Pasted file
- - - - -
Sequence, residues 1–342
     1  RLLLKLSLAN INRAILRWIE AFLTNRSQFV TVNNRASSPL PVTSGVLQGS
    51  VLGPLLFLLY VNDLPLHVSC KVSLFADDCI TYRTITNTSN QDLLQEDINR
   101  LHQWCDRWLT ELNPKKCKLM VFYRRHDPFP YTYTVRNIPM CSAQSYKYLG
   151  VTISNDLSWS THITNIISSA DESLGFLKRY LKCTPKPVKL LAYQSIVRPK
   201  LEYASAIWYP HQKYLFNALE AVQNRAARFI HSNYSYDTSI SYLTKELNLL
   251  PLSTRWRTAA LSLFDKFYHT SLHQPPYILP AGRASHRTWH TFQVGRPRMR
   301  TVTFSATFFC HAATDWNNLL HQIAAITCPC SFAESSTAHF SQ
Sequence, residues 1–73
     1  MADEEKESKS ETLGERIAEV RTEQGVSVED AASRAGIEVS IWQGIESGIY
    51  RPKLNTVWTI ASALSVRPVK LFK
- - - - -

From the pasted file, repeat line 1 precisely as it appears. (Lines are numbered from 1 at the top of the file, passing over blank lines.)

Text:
Sequence, residues 1–342